Kevin Minson

Kevin Minson


    Review results in new procedures for packaging and labelling dangerous goods

    14/06/1996 12:00 AM



    A review of packaging and labelling standards of dangerous goods has resulted in new procedures to encourage industry accountability, Mines Minister Kevin Minson said today.


    Mr Minson said the review took more than a year to complete and represented a big step forward in persuading industry to become more responsible about the need to conform to packaging and labelling regulations.


    "The study was carried out by the Explosives and Dangerous Goods division of the Department of Minerals and Energy and is the most comprehensive of its kind in Australia," he said.


    "Although 80 per cent of the packages fully complied with regulations regarding packaging standards, only 26 per cent of those surveyed complied with labelling standards."


    Surveyed companies represented areas like the oil industry, agriculture, transport, chemical suppliers and chemical formulators and packers, which handled items such as flammable products, corrosives, aerosols, gas in cylinders and toxic materials including pesticides.


    Mr Minson said it was critically important these products were properly packaged and labelled.


    "Indecipherable letters and numbers on labels do not pose a threat to public safety on their own but can contribute to confusion if a potentially dangerous situation was to occur," he said.


    "Take the case, for example, of a drum of chemicals rolling off the back of a truck.


    "Emergency services groups need to know what type of chemical they are dealing with, how to deal with it and who needs to be contacted for technical advice.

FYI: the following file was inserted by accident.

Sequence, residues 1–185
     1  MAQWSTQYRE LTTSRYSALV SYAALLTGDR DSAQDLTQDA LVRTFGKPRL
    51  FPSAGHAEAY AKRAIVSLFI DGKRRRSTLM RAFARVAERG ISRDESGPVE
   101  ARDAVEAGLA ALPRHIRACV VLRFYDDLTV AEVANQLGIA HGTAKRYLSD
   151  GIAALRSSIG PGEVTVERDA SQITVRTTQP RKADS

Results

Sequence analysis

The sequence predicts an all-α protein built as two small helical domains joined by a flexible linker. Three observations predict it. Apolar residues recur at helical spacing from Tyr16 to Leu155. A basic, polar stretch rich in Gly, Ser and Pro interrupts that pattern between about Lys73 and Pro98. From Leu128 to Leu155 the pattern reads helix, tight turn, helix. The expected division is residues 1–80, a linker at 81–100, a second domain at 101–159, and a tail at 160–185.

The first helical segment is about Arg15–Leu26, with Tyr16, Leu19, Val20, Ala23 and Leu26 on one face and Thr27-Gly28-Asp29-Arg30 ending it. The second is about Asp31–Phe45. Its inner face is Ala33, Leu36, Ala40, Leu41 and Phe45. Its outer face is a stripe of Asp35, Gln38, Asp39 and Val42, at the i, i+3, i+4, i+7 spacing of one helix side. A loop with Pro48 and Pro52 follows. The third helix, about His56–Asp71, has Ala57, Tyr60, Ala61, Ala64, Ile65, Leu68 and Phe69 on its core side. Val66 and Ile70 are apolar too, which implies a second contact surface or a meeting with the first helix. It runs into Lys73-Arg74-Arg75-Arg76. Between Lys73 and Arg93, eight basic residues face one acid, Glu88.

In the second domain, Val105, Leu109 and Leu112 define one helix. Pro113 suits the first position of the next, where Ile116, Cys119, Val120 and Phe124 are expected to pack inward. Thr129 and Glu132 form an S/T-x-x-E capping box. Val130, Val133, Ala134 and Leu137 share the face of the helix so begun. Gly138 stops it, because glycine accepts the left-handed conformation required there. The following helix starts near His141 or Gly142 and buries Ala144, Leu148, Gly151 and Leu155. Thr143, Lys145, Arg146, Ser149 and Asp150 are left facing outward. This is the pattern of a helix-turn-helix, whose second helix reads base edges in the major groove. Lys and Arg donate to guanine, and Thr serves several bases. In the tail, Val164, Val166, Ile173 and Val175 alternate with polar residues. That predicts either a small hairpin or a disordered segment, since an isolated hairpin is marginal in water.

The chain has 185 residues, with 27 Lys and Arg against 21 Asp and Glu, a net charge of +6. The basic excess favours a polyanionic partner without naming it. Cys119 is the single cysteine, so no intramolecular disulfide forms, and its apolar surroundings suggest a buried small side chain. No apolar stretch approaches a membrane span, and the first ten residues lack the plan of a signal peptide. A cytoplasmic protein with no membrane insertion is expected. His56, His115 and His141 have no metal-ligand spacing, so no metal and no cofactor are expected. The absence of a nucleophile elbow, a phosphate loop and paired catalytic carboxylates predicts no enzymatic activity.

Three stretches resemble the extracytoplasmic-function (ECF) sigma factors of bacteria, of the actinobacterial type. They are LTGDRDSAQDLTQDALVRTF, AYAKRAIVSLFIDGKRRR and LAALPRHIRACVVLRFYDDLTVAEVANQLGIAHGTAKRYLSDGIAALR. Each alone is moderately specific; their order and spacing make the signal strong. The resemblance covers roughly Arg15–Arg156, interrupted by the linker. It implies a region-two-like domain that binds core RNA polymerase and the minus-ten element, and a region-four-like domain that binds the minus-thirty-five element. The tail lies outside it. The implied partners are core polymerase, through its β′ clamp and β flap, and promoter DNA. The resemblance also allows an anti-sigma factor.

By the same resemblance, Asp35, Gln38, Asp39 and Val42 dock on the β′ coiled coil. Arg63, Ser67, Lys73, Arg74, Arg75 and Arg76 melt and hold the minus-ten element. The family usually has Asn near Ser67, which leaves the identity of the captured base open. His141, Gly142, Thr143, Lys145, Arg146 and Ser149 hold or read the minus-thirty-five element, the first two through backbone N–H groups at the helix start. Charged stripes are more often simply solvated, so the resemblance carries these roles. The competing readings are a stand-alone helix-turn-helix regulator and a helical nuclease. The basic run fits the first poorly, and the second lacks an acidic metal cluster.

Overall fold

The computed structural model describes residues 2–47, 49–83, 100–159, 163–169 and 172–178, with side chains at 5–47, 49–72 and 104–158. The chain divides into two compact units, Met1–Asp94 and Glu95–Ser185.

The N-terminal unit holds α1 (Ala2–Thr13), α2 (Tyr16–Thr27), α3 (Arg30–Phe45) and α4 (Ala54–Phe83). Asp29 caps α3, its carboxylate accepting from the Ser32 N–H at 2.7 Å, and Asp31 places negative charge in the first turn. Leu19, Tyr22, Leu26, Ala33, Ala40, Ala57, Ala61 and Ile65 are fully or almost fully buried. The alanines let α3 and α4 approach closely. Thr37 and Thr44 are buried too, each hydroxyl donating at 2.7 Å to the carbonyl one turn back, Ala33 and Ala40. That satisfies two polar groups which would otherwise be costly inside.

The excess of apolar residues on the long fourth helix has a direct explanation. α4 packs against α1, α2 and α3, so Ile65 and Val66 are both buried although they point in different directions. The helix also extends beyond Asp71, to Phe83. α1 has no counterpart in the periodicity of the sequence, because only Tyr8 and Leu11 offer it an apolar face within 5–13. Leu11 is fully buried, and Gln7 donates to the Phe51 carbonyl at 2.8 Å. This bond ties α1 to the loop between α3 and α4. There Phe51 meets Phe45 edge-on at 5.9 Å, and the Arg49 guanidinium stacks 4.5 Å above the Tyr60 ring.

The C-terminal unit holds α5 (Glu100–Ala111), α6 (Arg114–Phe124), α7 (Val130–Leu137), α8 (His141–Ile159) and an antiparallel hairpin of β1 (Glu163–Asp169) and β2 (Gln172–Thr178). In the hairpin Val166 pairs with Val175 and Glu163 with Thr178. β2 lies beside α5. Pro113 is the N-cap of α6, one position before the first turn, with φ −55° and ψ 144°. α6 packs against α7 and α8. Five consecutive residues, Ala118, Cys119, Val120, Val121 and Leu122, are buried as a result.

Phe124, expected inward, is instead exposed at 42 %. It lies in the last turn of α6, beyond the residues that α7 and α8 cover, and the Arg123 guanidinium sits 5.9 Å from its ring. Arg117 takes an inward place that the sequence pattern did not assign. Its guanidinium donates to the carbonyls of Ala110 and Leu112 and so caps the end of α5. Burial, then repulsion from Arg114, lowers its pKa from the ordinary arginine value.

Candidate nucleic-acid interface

"Without this information their job is impossible and becomes potentially dangerous."


    The project examined 413 packages from 117 different companies. It assessed the levels of compliance of industry regarding consignment procedures and the labelling and packaging requirements within the Australian Code for the Transport of Dangerous Goods by Road and Rail.


    "Previously, checks on consignment procedures had generally been in response to concerns raised by the public or requests from companies for their procedures to be reviewed by the department," Mr Minson said.


    "Visits were conducted to check package compliance in the past, but only on an ad-hoc basis."


    Companies are now being asked to audit their own packaging and find solutions to any problems found. Regular reports will need to be made to the Department of Minerals and Energy.


    "While the majority of breaches found by the audit were minor, the department contacted the relevant companies to ensure the problems were rectified and that procedures were put in place so they did not recur," Mr Minson said.


    "A follow-up audit will be conducted soon and companies could face sterner action if previous problems recurred."


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